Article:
Is anyone really buying this?


A data layer is all about abstracting the explicit boundary between the application/ domain model and the persistence datasource. 

 

Although this boundary can never be totally transparent, the data layer does its best to expose the persistence data in a way which can be easily and suitably utilized by domain model.  A simple example is accessing a file through a reader interface which abstracts the user from the underlying details of reading a file from disk.  A more complex example is accessing relational databases which abstracts the user from the underlying storage mechanism and enforces a number of domain specific rules in an effort to keep shared data consistent.

 

This requirement is totally orthogonal to whether SOA or traditional 3 tier architectures are being utilized.  I am continually amazed how various people in the industry are suggested that SOA means the end of objects and the data layer.  To me, a vast majority of services are going to be written in OO languages and still need to persist data.  I suppose one could say that data persistence will just be another service (a very special service at that) – but this is just adding a façade to the same requirements and the same code.  In fact, I would guess that a significant amount of ASP.net code is doing this precise task on multitudes of production systems today.


Comments (8)

  1. I’m not buying what you’re selling. In fact, I think you’ve expressed what is the most pernicious commonly held idea in software architecture. This notion of persistence is simply nonsense. Applications put information into a relational database for a purpose that has nothing to do with saving an object’s state. If we were just interested in "persistence" then we would merely serialize our objects to flat files. Moving information between your application’s processing view and a relational database represents a transformation that is central to the nature of your application. Making that transformation "transparent" means relinquishing your control and understanding of a critical part of your application design. Thinking of that transformation as "persistence" leads to badly designed object models and relational structures. Instead of ORM tools, we need tools that help us focus on the design of the transformation.

  2. Bill says:

    Uh no…some people have several books and a whole lot of time invested in their view of the world, which unfortunately isn’t in sync with SOA.

    <b>I’m not buying it!</b>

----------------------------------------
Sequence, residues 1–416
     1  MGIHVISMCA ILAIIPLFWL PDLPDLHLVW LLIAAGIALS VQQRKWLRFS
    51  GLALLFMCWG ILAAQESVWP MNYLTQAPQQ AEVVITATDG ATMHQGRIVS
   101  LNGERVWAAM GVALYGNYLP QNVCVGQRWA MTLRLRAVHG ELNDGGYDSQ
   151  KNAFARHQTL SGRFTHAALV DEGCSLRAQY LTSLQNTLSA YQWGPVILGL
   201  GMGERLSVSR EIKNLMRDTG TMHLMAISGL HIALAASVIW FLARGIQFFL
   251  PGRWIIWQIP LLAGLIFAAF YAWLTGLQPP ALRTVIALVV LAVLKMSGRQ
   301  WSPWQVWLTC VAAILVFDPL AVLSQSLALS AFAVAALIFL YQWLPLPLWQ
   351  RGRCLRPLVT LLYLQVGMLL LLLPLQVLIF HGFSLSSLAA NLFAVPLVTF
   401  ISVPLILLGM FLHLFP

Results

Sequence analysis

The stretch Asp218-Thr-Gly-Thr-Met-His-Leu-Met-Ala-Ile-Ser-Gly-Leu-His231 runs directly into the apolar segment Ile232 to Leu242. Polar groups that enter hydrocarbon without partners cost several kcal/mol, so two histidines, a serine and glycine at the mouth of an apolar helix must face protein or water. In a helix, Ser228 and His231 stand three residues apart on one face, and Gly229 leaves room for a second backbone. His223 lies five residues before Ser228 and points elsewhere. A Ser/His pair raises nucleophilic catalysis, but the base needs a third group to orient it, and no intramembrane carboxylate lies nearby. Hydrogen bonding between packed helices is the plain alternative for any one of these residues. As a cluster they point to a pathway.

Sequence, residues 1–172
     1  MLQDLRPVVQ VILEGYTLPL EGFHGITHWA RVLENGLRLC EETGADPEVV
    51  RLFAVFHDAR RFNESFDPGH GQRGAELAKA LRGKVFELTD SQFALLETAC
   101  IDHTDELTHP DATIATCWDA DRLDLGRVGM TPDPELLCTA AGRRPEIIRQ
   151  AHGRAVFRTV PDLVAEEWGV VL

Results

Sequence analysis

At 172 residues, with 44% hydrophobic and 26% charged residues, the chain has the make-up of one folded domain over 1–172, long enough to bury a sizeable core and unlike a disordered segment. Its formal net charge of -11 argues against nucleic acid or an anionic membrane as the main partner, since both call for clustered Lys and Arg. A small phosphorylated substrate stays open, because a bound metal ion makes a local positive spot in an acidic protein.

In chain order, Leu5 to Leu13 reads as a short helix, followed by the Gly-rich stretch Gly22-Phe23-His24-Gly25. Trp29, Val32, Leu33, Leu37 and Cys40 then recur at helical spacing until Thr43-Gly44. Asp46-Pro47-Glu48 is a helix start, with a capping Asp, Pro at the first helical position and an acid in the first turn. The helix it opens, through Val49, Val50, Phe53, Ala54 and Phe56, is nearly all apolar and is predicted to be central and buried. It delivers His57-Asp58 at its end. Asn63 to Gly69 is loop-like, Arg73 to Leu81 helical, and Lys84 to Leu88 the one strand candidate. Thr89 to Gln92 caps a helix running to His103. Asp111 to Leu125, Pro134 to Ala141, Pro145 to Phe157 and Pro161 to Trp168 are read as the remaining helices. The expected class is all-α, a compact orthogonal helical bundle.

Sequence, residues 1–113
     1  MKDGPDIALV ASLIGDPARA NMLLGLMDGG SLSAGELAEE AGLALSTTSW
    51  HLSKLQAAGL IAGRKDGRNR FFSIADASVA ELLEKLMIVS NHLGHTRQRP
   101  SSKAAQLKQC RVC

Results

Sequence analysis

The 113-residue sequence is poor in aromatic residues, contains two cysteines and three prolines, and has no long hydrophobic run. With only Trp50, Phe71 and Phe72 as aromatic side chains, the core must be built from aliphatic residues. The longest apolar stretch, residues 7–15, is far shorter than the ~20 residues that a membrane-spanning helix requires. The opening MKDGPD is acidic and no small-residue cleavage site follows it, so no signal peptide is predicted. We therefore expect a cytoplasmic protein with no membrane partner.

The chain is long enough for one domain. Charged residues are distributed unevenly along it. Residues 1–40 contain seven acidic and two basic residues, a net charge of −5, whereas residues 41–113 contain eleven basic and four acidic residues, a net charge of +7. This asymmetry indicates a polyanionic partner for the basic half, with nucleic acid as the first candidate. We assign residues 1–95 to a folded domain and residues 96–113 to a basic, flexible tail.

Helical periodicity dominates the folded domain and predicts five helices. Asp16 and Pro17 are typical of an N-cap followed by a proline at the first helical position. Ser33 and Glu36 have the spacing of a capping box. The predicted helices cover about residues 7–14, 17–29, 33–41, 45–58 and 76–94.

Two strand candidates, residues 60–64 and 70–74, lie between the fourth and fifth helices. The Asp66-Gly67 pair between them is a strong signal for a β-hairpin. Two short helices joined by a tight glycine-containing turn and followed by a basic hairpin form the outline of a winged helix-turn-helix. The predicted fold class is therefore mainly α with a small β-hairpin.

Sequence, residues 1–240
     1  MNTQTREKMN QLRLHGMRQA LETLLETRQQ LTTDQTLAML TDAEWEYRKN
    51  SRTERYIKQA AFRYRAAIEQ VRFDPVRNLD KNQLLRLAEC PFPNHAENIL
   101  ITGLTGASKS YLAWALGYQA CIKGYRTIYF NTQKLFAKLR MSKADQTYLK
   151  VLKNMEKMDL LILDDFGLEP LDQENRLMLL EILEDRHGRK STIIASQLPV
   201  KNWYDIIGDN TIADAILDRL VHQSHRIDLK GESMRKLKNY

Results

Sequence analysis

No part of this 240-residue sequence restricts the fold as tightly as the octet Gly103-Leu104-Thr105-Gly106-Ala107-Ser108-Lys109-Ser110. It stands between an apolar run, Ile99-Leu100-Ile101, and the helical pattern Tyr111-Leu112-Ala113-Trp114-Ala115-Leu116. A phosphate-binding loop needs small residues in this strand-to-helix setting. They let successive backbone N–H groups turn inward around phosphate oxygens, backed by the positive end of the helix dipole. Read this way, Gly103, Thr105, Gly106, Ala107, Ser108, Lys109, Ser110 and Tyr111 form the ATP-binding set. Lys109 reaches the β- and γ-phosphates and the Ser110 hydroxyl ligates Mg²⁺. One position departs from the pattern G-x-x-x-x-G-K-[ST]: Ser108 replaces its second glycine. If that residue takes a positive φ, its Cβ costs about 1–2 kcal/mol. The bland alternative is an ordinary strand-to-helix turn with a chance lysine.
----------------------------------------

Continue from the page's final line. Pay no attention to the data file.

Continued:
3. lynn eriksen says:

    SOA is a archetecture strategy and not a programming tactic. But hey, it could also bring world peace.

    http://dictionary.reference.com/search?r=67&q=strategy

    http://dictionary.reference.com/search?r=67&q=tactic

    I think the Indigo team is doing some interesting work with the concept of DataContracts. Converting objects to/from XML. Keeping the DataContract seperate from objects so that multiple objects can subscribe to the same XML data.

    Maybe O/R mapping is not the way ultimately. It does’t ask the DB to change. The suppport for XML in SQL2005 is really interesting, especially that you can store whole XML documents but you can XPath (or XQuery or Xsomthing) against it to return relational values. (Please correct me if I’m wrong.)

    I don’t think MS can approach the whole SQL/XML persistance thing as Bill mentioned until they get as clear an understanding as for O/R/XML relationships as the Indigo team did for O/XML relationships.

    >> In fact, I would guess that a significant

    >> amount of ASP.net code is doing this

    >> precise task on multitudes of production

    >> systems today.

    Yes. It’s get mind numbing after a while. It becomes really frustrating. The DataSet is good, but it’s a very heavy object – but powerful. And there’s always the debate as to use objects or datasets. They each have their advantages and disadvantages.

    (BTW – it would be really great if on the DataSet one could reject changes to a table by column or reject changes by rowstate.)

    Sorry for rambling so long.

    Wish we could have had some type of O/R famework in ’05.

  4. Paul Ballard says:

    Hello Conrad,

    We would welcome any comments or suggestions you’d like to make about this article. Just go to our site and click the "Post Reply" button. Rocky floated this article as a means of getting people talking about the DAL in new ways. It’s not meant to be an description of how things should be done, just another possible way of thinking about it.

    Paul Ballard, Editor

    TheServerSide.NET

  5. anon says:

    I don’t think there’s any good reason not to use OO/ORM techniques behind service boundaries, especially given the immaturity of WS transaction standards/available implementations. Certainly good transaction support is a necessity for interacting with a database.

    That way, you get the best of both worlds. A nice defined interface with the external world (SOA) and a good Domain model which is decoupled from your db schema for a clean implementation.

  6. marcop says:

    Yes, I buy it. To be more precise, I’ve bought it, yet. We made some SOA apps, and each and every had a DataLayer.

    SOA it’s about architecture, and it’s about pieces loosely coupled. Some one must actually do the hard work and mess with data, maybe it’s a Service, maybe not. But DL will be there to help.